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Test manures and soil to maximise nutrient use efficiency

3rd Jan 2018

Source: Farming Futures

Producers and growers need to be sure of the nutrient content to help them reduce bagged fertiliser, according to a leading industry expert. 
 
Speaking at an AHDB Monitor Farm group, John Williams, ADAS principal soil scientist, said approximately 90 million tonnes of livestock manure is applied in the UK each year but questioned whether farmers were making the most of it
Newark farmer John Miller is one of many who are now working to use less bagged fertiliser on his by taking advantage of organic manure available. He hosts the AHDB Newark Monitor Farm and the group met in December to sort the muck from the magic.
AHDB Monitor Farms bring together groups of farmers who want to improve their businesses by sharing performance information and best practice around a nationwide network of more than 30 host farms. Monitor Farms are part of AHDB’s wider Farm Excellence Platform, which works with the industry to improve performance through knowledge exchange and benchmarking.
He said: “We’ve always known that organic manure is a good resource. It’s about applying it effectively and taking account of the nutrients in it so you can reduce the amount of inorganic fertiliser you put on.”
John Williams gave four steps to maximising nutrient use efficiency:
  • Understand what the crop needs, using the AHDB Nutrient Management Guide (previously known as RB209)
     
  • Sample soil to find out what’s in it and what it’s deficient in
     
  • Measure the nutrient content of manures. Section 2 of the Nutrient Management Guide gives a good start to this
     
  • Top up with bagged fertiliser, if necessary.
He said: “It’s absolutely crucial to understand the nutrient content of manures before you apply them – so well done John [Miller] for getting your samples tested.”
But sampling needs to be done carefully to get a true representation of what’s in the manure. For example, lagoons should be stirred to homogenise the slurry before spreading with samples taken periodically during store emptying to make sure the analysis provides a good measure of the slurry nutrient content.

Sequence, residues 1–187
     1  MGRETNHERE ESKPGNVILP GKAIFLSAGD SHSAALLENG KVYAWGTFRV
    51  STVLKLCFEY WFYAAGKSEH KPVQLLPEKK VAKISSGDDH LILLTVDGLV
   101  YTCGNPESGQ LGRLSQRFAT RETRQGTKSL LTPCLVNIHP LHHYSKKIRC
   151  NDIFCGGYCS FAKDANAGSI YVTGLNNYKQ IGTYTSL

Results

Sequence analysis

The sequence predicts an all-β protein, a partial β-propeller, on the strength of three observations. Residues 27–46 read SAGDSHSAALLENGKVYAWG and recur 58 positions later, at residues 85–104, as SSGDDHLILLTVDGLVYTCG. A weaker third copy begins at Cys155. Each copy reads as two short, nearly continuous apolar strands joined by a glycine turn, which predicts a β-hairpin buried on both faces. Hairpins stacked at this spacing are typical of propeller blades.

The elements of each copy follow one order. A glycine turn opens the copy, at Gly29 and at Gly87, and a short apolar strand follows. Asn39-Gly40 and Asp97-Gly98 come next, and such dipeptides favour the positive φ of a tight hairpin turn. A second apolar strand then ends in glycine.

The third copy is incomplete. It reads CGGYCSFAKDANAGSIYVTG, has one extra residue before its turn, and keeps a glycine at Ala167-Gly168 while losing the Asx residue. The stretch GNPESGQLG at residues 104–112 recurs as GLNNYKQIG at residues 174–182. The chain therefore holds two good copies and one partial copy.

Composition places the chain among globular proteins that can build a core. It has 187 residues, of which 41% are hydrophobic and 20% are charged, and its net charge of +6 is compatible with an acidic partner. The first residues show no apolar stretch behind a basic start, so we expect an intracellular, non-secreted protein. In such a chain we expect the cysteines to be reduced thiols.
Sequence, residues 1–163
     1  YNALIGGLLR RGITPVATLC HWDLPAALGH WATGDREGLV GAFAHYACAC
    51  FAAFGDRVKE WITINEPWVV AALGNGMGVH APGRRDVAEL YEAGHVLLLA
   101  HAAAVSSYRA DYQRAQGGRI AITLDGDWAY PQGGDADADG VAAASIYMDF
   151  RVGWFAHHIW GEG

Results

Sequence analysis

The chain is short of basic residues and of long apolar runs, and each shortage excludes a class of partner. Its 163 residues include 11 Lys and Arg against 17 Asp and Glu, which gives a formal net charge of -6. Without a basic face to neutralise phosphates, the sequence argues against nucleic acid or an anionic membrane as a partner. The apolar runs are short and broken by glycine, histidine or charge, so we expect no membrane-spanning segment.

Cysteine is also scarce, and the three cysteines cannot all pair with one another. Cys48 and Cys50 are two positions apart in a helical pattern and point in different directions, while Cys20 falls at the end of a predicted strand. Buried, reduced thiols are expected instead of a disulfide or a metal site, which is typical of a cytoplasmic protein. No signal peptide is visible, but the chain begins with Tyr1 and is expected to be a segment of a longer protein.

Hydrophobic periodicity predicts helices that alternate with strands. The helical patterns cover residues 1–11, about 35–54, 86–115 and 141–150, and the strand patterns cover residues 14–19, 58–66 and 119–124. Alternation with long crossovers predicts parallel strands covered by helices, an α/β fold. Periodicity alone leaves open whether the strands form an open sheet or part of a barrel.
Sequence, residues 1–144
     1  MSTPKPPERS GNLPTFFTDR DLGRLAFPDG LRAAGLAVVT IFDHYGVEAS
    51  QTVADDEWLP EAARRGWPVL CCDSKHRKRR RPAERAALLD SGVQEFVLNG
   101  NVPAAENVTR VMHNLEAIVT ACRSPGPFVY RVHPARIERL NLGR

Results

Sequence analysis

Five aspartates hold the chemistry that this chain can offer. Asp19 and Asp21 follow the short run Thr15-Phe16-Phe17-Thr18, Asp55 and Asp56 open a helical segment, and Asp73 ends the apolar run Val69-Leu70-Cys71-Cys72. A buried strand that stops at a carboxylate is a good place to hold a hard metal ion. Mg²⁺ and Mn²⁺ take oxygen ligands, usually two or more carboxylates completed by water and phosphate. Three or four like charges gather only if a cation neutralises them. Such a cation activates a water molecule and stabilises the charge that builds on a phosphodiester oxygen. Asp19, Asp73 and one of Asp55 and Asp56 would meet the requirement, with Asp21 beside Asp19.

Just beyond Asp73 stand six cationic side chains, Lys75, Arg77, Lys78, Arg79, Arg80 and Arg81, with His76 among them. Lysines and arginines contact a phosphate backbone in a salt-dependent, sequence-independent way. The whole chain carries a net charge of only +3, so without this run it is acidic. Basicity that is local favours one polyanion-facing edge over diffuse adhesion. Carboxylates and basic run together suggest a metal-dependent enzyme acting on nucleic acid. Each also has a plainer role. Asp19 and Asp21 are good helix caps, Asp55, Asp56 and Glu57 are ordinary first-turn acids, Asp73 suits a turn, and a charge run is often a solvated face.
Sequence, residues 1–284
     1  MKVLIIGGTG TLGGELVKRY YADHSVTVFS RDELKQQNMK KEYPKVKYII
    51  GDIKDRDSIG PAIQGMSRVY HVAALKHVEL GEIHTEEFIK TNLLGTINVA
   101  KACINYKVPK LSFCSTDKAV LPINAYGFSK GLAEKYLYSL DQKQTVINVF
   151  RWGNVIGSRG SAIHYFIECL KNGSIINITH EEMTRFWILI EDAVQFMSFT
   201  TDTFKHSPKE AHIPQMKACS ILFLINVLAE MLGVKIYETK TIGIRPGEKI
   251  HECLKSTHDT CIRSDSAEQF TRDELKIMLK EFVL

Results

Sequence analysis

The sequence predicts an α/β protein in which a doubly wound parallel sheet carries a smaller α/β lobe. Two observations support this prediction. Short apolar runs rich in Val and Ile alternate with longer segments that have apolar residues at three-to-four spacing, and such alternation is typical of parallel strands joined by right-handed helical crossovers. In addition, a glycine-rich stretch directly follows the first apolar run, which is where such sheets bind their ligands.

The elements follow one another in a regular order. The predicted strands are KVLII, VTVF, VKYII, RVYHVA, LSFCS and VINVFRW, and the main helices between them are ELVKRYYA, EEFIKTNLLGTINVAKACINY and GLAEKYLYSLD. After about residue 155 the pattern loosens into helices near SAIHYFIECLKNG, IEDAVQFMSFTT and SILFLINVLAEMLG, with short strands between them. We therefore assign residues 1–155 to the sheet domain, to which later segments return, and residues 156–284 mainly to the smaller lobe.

Not all manures are the same and manures with a lot of readily-available nitrogen (N) should be handled carefully.
John Williams said: “Digestate is like rocket fuel – handle it with care! Digestate nutrient content reflects the feedstock used in the anaerobic digestion process.”
Food based digestate can contain around 7 kg of total N/m3 (approximately 6 kg/m3 readily available N) and 25m3/ha would supply 175kg N per hectare, so matching application rates to crop demand is vital.
John said: “Testing the digestate is the best way of knowing the nutrient content which is essential to make best use of the nutrients.”
 
As a result of the meeting, John Miller is considering whether he can apply organic manure in the crop rather than before it, to make better use of the nutrients available.
He said: “The cost of buying equipment to spread the manures in crop is fairly prohibitive for me, so I’d probably be looking at getting a contractor to apply it. Perhaps the saving we make in reducing bagged fertiliser would pay for the contractor. And in the long term the increased soil organic matter will hopefully stand us in good stead.”
John said: “These values are before you consider organic matter. Bulky organic manures such as FYM, compost and biosolids cake are good for building up soil organic matter. Organic matter does help to build soil resilience by improving important soil properties including available water capacity and soil stability.”
Putting a price on organic manures (values based on the first year)
 
Manure type Application rate (m3 or t/ha) Crop available N (kg/ha)* Total phosphate (kg/ha) Total potash (kg/ha) Value (£/ha)**
Cattle slurry 30 27 36 81 70
Pig FYM 35 25 210 280 255
Poultry manure 8 67 136 168 190
Food based digestate 25 66 28 60 80
Biosolids cake 20 33 220 12 160
Green compost 30 0 90 204 136

*Assumes spring broadcast application

**Assumes N = 60p/kg; phosphate = 60p/kg and potast = 40p/kg)

 
Get involved
The next Newark Monitor Farm meeting will be on 17 January 2018, where the topic will be recruiting, training and developing staff.
For more information, visit cereals.ahdb.org.uk/monitorfarms or contact Harry Henderson, AHDB Cereals & Oilseeds Knowledge Exchange Manager on [email protected] or 07964 974465